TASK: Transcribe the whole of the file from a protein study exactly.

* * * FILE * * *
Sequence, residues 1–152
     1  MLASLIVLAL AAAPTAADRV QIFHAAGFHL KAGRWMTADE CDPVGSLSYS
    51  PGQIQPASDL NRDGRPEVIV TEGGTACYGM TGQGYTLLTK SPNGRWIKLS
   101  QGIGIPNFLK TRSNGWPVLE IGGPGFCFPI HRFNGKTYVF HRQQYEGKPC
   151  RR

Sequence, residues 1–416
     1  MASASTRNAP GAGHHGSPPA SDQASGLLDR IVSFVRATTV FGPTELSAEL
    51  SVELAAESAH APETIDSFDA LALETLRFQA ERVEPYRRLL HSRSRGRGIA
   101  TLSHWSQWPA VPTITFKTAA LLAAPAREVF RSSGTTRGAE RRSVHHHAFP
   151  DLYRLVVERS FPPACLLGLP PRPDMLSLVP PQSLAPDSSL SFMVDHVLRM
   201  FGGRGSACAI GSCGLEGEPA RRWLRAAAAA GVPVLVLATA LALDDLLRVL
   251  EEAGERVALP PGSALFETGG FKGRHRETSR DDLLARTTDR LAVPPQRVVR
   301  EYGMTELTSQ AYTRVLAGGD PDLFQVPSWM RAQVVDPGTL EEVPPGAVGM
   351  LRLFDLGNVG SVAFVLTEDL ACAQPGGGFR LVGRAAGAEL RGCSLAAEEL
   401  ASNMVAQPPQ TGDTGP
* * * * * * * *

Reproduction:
Sequence, residues 1–152
     1  MLASLIVLAL AAAPTAADRV QIFHAAGFHL KAGRWMTADE CDPVGSLSYS
    51  PGQIQPASDL NRDGRPEVIV TEGGTACYGM TGQGYTLLTK SPNGRWIKLS
   101  QGIGIPNFLK TRSNGWPVLE IGGPGFCFPI HRFNGKTYVF HRQQYEGKPC
   151  RR

Sequence, residues 1–416
     1  MASASTRNAP GAGHHGSPPA SDQASGLLDR IVSFVRATTV FGPTELSAEL
    51  SVELAAESAH APETIDSFDA LALETLRFQA ERVEPYRRLL HSRSRGRGIA
   101  TLSHWSQWPA VPTITFKTAA LLAAPAREVF RSSGTTRGAE RRSVHHHAFP
   151  DLYRLVVERS FPPACLLGLP PRPDMLSLVP PQSLAPDSSL SFMVDHVLRM
   201  FGGRGSACAI GSCGLEGEPA RRWLRAAAAA GVPVLVLATA LALDDLLRVL
   251  EEAGERVALP PGSALFETGG FKGRHRETSR DDLLARTTDR LAVPPQRVVR
   301  EYGMTELTSQ AYTRVLAGGD PDLFQVPSWM RAQVVDPGTL EEVPPGAVGM
   351  LRLFDLGNVG SVAFVLTEDL ACAQPGGGFR LVGRAAGAEL RGCSLAAEEL
   401  ASNMVAQPPQ TGDTGP